Rutgers Study Reveals the Most Effective Ways NJ Cities Responded During COVID Housing Crisis

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Newark, New Jersey - The New Jersey State Policy Lab at Rutgers University released a study of challenges faced by local governments seeking to quickly distribute emergency rental assistance during the COVID-19 pandemic, citing the city of Newark as a success story.

Although housing shortages and evictions were a problem before March of 2020, they became a crisis when lockdowns and shuttered businesses resulted in job and income loss, an impact that has been especially severe in urban communities.

"The pandemic revealed what is an ongoing emergency for far too many New Jerseyans,” said David Troutt, founding director of the Newark-based Rutgers Center of Law, Inequality and Metropolitan Equity (CLiME), and lead author of this study.

The report focuses on the efforts of five municipalities to disperse federal Emergency Rental Assistance Program (ERAP) funds: Newark, Jersey City, Trenton, Elizabeth, and Camden.

“The structural issues revealed by the pandemic are the supply and demand housing problems in metropolitan areas across the country,” said Troutt. “What the pandemic yielded was a crisis in the demand side because so many people who were already housing insecure, or housing unstable, lost their jobs.”

The research shines a light on the disproportionate impact the housing crisis has on residents of color, larger households, and households with children. These disparities are comparably worse in New Jersey than the rest of the country.

According to the most recent Census data, 393,000 New Jersey households were delinquent in rent -- a total of 22 percent of renter-occupied units -- compared to the national rate of nearly 16 percent. Additionally, 39 percent of renters in New Jersey who identify as Black report being behind on rent, compared to 26 percent of Latinx, 19 percent of Asians, and  11 percent of whites.

“We found astonishing affordability gaps. These are also the places where most people don’t assume that housing is particularly unaffordable because an area is low-to-moderate income. But because peoples’ financial resources are so limited — and made more fragile by the pandemic — this is an ongoing crisis of affordability, and the impact will be felt disproportionately by minorities,” said Troutt.

During the pandemic, urban municipalities were faced with the unprecedented task of quickly dispersing rental assistance during a worldwide public health crisis. The study evaluated what worked and what didn’t, using an organizational lens to examine how local governments were able to adapt.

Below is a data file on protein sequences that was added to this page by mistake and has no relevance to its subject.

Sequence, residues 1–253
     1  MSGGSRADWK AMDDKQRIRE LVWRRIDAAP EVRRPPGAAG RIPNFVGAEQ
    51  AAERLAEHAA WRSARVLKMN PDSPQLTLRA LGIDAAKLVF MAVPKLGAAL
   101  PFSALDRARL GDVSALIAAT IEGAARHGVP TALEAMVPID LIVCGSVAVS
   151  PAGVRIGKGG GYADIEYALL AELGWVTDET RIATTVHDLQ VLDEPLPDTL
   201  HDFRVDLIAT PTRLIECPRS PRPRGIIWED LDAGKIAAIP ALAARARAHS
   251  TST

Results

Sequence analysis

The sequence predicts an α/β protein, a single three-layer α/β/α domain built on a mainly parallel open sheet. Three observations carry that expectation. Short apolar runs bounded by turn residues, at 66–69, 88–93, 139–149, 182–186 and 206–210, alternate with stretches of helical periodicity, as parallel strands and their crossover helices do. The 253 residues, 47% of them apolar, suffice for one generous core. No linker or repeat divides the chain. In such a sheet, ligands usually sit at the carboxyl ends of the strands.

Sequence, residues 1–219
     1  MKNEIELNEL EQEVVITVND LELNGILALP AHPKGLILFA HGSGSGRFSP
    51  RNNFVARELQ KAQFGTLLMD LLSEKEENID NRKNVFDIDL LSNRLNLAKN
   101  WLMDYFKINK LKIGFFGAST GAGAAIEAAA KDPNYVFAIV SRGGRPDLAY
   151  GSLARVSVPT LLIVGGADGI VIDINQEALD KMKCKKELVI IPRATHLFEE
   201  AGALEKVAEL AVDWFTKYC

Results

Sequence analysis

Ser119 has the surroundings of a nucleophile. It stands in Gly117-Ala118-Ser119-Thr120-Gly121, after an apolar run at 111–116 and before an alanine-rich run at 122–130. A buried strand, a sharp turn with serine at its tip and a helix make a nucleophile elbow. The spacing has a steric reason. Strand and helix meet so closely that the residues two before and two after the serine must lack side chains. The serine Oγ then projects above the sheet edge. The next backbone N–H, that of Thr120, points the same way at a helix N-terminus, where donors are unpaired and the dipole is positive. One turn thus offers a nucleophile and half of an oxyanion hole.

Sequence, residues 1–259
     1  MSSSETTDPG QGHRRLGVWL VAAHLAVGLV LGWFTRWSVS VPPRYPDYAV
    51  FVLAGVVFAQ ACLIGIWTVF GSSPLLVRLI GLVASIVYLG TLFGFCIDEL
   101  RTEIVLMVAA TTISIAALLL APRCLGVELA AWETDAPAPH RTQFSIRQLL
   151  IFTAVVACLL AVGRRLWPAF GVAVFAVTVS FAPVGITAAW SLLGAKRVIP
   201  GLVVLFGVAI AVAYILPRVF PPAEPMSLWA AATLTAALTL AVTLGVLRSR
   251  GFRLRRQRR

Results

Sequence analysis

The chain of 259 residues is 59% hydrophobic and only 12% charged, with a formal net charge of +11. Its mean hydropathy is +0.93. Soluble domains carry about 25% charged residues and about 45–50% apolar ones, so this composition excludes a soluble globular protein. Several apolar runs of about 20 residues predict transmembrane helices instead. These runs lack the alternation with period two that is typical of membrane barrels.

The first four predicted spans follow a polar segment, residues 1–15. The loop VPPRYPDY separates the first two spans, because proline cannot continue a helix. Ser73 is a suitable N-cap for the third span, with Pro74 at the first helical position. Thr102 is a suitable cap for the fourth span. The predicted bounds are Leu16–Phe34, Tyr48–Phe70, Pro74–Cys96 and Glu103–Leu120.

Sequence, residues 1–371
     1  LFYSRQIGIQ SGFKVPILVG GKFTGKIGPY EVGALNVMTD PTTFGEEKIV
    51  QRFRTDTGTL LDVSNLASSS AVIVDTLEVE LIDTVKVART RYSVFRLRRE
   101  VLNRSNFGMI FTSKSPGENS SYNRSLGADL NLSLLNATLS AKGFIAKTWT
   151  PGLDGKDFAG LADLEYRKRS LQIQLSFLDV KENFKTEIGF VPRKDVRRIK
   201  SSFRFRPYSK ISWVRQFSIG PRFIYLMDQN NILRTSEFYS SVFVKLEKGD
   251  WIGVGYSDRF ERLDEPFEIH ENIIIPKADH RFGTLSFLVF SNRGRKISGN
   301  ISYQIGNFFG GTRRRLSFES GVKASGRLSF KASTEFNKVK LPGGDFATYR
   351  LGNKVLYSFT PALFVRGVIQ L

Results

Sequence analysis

The success stories included collaborative efforts with local nonprofits and civic agencies, along with strategic outreach to tenants through printable flyers and postcards, social media graphics, lists of community partners, document checklists, and access to public presentations for support.

Newark was a standout for its ability to quickly recognize obstacles and overcome them. The city partnered with consulting group Ernst & Young to run the city’s web portal and digital strategy and was the only one of the five cities to allocate all its funding, which amounted to  $20 million.

“Department heads and city staff realized they didn’t have the capacity to record and understand the metrics of distribution. And rather than trying to push through and hope for the best, they sought outside assistance,’’ said Troutt. “It really was a case of taking stock of one’s own capacity.”

Not every municipality in the study performed as well. Jersey City has drawn criticism for opening its application portal for a total of only four weeks since August and rejecting early applicants in an attempt to serve the lowest-income residents first. Union County has only spent five percent of the more than $21 million it received, with the study citing confusion over the county’s website process and no mention of ERAP on the City of Elizabeth’s web pages.

However, there has been progress. Camden County and Mercer County are both actively processing applications thanks to well-structured and clear portals and processes, according to the study.

The study provides hope that municipalities can learn to respond more efficiently during a housing crisis and also emphasizes the great impact of programs like ERAP.

“I hope that the study helps to expand discourse about the affordable housing crisis in cities,” said Troutt. “There is a tendency to think first about production and preservation of affordable housing as a way to build supply sufficient to meet the increasing demand. What the ERAP showed is that there is another way: feed the demand side so that families have more purchasing power in this very difficult housing market.”